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News from EPI Repealing the Affordable Care Act will cost 1.2 million jobs nationally

A new report by EPI Research Director Josh Bivens finds that repealing the Affordable Care Act (ACA) will cost the economy 1.2 million jobs in 2019, with jobs lost in every state. The report looks at the effects of cuts to both spending and taxes that would occur under a full repeal.

The $109 billion in spending cuts would have a disproportionally negative effect on states with the highest share of low and middle-income families and those states that took up the ACA Medicaid expansion, while the $70 billion tax cuts would disproportionately benefit those states with the largest share of households in the top 1 percent. Because low- and moderate-income households tend to spend a much higher share of marginal increases in disposable income, the overall effect of ACA repeal would be less spending and slower demand growth across all states.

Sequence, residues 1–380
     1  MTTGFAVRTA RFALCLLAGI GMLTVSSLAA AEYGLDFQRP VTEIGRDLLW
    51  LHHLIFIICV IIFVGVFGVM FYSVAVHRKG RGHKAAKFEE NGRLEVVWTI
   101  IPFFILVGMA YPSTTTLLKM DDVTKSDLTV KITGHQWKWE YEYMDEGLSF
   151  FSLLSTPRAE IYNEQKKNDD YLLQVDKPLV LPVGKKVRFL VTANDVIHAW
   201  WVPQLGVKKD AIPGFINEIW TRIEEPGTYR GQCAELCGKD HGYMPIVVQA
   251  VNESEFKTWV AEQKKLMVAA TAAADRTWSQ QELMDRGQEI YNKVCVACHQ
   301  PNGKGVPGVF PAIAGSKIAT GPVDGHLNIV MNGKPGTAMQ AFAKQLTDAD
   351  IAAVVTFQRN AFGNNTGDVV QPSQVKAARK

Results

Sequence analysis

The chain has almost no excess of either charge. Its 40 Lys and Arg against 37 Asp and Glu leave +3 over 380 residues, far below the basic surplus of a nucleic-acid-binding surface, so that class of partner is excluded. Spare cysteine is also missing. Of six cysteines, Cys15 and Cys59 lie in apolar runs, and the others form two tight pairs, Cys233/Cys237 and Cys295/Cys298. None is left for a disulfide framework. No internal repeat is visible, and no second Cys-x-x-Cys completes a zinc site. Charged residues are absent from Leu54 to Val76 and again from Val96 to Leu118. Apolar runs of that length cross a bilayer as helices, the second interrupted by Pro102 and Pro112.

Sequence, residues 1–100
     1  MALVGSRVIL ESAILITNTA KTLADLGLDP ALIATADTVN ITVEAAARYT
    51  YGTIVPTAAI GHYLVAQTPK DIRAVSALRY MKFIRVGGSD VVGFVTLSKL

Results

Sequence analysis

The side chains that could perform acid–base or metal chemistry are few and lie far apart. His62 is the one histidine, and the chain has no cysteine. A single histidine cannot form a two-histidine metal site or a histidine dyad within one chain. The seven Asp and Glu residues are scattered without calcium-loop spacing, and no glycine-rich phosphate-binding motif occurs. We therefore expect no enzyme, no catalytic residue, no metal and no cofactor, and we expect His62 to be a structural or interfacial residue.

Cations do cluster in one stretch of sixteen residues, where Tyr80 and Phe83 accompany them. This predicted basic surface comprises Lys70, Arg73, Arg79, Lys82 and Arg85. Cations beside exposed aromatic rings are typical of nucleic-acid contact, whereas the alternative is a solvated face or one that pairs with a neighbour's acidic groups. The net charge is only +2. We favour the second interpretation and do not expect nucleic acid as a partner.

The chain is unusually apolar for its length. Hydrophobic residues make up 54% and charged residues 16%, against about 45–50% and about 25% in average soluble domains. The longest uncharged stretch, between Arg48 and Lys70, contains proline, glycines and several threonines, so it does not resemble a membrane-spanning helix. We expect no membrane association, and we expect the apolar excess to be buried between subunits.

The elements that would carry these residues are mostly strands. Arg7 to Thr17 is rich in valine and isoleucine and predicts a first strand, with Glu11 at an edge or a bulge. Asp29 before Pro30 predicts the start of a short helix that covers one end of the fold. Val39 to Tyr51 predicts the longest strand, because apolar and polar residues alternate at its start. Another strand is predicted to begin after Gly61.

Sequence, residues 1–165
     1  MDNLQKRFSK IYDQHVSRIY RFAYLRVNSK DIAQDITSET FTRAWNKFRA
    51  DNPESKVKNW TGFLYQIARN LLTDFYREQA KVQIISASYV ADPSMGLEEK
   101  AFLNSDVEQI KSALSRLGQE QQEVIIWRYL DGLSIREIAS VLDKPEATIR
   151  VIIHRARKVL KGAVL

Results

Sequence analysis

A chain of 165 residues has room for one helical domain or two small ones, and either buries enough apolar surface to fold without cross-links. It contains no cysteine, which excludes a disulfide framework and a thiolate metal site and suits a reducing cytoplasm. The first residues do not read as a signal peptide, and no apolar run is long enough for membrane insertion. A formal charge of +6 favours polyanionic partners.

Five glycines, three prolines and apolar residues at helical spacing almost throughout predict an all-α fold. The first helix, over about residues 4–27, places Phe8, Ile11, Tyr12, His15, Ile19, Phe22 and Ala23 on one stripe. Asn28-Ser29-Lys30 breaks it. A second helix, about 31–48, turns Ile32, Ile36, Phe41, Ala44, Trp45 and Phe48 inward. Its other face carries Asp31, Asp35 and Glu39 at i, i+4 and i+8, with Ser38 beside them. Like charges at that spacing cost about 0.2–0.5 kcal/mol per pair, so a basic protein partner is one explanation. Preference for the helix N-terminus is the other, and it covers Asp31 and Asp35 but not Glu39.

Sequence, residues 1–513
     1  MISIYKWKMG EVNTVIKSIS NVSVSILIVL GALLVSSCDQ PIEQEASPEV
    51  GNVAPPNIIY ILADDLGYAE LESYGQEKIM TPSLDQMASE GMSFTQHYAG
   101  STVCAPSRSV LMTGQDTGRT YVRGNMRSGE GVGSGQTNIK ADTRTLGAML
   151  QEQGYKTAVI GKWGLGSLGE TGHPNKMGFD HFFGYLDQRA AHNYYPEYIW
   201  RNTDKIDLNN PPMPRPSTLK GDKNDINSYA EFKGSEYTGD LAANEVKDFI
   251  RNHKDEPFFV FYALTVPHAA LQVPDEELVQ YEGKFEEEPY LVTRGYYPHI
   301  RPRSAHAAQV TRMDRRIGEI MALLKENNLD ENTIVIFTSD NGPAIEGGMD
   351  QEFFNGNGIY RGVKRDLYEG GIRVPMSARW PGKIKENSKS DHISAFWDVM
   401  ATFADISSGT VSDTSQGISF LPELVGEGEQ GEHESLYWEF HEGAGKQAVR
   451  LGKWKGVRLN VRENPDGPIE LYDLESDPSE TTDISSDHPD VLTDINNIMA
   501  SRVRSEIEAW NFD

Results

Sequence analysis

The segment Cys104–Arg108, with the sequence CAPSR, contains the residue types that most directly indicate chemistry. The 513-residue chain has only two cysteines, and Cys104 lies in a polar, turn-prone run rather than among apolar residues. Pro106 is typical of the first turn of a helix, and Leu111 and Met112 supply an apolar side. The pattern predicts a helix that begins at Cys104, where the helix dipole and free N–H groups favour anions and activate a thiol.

“If the ACA is repealed, working peoples’ purchasing power will be significantly reduced, which means they will spend less on goods and services in the local economy,” said Bivens. “Job growth will be constrained due to this decrease in spending. Any spending boost from lower taxes as a result of ACA repeal would be swamped by spending cutbacks low- and middle-income families would have to undertake after losing access to Medicaid or subsidies in insurance exchanges.”

18 states would see employment losses greater than 0.5 percent of their current state under-65 population: New Mexico, Kentucky, Oregon, Montana, West Virginia, Rhode Island, New Jersey, Colorado, Arizona, Washington, Louisiana, Nevada, North Carolina, Vermont, Maryland, Ohio, Michigan, and Delaware. While all states would lose jobs, states whose economies would be harmed the least are those that never took up the Medicaid expansion, as well as those with a larger share of households in the top 1 percent.

“The most important reason to oppose repealing the ACA is the 20 million Americans who would lose health insurance,” said Bivens. “But layered on top of this loss is a potential macroeconomic shock that would likely significantly affect job growth.”


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